A Feast Of Immovable “1 Stars”

Memoirist Laura Janis Thompson Instagrammed the other day that she is reading it. And I happened to mention its author at the end of my previous post. Both of those are, I suppose, the reasons for this post: they got me thinking about the book again.

[Iconic Paris landmark. Photo by me, 1994 (I think).]

Ernest Hemingway’s 1964 posthumously published memoir, A Moveable Feast, is in this early 21st century among his most read books.

He had been working on it on and off and on and off for some years before his 1961 death. After he was gone, his widow Mary – his fourth wife – edited it and had it published; and to her credit she made no major changes, so what was published was evidently essentially what Hemingway had written. It focuses on his recollections of his life in Paris in the 1920s.

[From Hemingway: A Life Without Consequences, by James R. Mellow, 1992.]

Some readers approach this book thinking it is going to be some sort of Paris travel guide. It is not. It is primarily Hemingway’s perspective about what he saw and experienced – and it centers on people.

It includes memories of Gertrude Stein (“I think the reason I am important is that I know everything”), Ezra Pound (“The art of letters will come to an end before A.D. 2000. I shall survive as a curiosity.”), and probably the most famous author and personality of them all now, nearly a century on, F. Scott Fitzgerald, who after a difficult trip within France with Hemingway, was the one who prompted Hemingway’s now famous (and stinging) observation that you should never travel with someone you don’t love… which appears in this memoir in its complete context.

Since its publication the memoir has been generally praised by critics and most readers. It is probably also worth bearing in mind that while not “unfinished” technically, had he lived longer Hemingway likely would have revised it further. So while not a “draft” it is also probably not as polished as perhaps it could have been.

With over 2,000 Amazon reviews, it gets 4 1/2 stars – pretty good for so many ratings. Of course, though, not everyone likes it. Indeed some are willing to be blunt about… HATING it.

If you think that any authors are “immune” from “1 star” Amazon reviews, uh, think again. Here are some I screen captured the other day. Enjoy the negativity! LOL!:

I don’t even read German, and I am guessing that is pretty blistering. LOL!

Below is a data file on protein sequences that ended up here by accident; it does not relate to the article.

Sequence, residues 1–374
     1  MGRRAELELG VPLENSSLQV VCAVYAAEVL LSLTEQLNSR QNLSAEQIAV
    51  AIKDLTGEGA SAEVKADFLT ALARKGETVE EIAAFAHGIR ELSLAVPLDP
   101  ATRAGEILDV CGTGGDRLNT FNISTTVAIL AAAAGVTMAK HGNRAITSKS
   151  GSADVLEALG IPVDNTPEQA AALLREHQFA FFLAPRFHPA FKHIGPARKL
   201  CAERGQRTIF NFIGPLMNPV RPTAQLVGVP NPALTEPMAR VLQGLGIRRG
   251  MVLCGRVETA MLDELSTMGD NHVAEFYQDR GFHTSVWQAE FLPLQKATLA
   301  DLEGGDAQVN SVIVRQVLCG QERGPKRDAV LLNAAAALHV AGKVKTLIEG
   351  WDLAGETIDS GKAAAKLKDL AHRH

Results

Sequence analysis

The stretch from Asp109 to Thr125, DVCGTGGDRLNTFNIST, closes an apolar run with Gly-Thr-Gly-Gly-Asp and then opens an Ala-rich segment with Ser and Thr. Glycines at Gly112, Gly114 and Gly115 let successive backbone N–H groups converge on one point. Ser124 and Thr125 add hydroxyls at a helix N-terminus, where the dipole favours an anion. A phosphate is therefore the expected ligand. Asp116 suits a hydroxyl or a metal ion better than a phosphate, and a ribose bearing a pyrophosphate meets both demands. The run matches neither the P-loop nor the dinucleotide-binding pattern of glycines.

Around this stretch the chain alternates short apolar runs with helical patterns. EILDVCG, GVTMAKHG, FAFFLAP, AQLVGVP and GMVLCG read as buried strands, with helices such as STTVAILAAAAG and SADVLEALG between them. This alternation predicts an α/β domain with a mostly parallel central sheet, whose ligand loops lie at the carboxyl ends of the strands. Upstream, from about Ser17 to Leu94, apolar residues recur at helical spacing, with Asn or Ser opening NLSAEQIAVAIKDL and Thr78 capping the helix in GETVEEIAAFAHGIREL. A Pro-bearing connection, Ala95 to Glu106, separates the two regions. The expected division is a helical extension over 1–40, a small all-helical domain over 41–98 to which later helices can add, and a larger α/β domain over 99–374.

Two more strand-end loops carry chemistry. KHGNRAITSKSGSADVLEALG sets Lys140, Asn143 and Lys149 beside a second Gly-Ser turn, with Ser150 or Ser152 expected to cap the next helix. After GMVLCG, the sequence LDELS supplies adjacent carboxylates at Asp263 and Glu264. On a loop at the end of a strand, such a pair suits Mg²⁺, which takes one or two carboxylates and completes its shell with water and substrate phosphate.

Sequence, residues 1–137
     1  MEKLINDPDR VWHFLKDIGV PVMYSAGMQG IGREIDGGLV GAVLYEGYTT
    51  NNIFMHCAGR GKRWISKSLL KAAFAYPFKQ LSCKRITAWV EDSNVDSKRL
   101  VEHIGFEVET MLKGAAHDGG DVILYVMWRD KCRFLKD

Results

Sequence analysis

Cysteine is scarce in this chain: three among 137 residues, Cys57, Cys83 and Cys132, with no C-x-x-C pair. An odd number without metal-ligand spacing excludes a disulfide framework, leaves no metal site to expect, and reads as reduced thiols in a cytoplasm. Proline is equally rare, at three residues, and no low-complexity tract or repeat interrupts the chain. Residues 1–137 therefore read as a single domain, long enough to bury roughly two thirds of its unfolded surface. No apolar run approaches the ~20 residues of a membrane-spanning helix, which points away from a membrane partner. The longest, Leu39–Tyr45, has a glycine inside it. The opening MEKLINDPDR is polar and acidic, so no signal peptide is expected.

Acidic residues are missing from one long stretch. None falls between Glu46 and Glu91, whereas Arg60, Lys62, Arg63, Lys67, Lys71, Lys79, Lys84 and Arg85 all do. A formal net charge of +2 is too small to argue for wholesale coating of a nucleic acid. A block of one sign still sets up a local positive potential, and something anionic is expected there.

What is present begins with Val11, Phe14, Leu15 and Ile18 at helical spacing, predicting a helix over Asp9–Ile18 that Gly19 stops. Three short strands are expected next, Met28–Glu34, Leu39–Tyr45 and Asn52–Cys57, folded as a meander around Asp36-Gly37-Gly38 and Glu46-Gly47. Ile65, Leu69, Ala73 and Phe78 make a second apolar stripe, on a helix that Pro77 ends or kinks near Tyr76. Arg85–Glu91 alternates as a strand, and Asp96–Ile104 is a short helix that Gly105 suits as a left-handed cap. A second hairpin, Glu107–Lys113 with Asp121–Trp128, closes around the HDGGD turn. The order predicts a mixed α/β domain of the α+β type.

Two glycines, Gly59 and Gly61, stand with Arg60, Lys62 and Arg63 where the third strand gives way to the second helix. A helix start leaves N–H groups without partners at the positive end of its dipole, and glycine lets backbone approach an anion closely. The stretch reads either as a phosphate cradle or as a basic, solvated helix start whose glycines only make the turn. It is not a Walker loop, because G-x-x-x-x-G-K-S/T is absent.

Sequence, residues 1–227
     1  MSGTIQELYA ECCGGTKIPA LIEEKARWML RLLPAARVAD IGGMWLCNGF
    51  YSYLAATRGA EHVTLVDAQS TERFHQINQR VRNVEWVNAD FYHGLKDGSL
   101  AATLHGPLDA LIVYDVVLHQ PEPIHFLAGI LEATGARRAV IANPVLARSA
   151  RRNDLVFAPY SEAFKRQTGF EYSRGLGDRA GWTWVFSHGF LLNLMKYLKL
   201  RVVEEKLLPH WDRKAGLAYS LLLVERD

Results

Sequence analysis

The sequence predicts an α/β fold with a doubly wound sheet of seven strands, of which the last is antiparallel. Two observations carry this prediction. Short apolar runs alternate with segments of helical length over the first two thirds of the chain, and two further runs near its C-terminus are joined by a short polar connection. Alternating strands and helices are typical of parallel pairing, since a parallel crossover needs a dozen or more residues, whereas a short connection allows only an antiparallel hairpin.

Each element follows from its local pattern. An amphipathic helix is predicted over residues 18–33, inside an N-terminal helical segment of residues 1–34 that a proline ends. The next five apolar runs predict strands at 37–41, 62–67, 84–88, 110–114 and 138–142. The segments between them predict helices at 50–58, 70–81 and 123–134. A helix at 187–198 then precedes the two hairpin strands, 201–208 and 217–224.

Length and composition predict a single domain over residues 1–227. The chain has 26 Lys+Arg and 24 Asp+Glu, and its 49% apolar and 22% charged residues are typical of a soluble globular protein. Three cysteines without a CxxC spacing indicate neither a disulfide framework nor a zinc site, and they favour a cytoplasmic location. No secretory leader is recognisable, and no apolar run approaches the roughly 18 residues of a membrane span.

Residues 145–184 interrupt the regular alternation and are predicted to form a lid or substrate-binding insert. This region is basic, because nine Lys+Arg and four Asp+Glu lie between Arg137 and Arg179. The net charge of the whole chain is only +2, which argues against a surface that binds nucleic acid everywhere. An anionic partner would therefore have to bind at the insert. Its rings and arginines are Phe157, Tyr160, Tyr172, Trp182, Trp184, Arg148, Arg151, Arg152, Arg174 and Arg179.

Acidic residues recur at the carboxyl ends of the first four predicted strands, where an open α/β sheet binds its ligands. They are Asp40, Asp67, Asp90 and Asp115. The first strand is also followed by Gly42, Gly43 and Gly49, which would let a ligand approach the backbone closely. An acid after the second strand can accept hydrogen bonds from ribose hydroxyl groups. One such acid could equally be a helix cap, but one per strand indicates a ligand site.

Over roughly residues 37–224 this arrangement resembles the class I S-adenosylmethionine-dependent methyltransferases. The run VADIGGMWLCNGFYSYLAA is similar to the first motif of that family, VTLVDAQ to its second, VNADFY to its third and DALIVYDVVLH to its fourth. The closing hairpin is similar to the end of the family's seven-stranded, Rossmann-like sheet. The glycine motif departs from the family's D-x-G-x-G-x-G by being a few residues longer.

All you other authors (or would-be authors) out there, feel better now? LOL!

[Ernest Hemingway’s study, Key West, Florida. Photo by me, 2014.]

Have a good weekend, wherever you are. 🙂

3 thoughts on “A Feast Of Immovable “1 Stars”

  1. Dear God, those reviews! 😱 My favorite: “Ernest Hemingway is terribly overrated.” Let’s call him up and let him know. 😂🤣 I haven’t made much headway with this book yet as I seem to fall asleep as I turn the first page these days, but semester break is coming, so I am still hopeful. Thank you for the mention, my friend! Hope you and yours are well!

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    1. Doing well. Hope you stay awake eventually. I love how dismissive they are of the book: it was too much fun. Hemingway definitely has a style; and this memoir is full of it. That is partly what makes it so good. He starts every chapter with a local description, and some obscure fact(s), and some insider anecdote, and then talks about some people he knew, and maybe a waiter, and adds something about Hadley, then maybe bashes some writer, then praises another, and he has a drink or ten at a great place and damn he was writing but it was not very good and he says it will never be good damn that war and there’s that woman over there and she caught his eye and he was poor and he was earlier in the Tuileries and thought of Minnesota and decided he’d have another drink and now it was snowing and, God, that reminded him that Scott was a drunk and a pain…😂

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  2. Now who wouldn’t love all that? 😂 And yes, not that I’m a football fan, but what’s the term? Armchair quarterbacks? Dismissing any written work without having the slightest notion of the depth of emotional effort involved is just cruel. 😑

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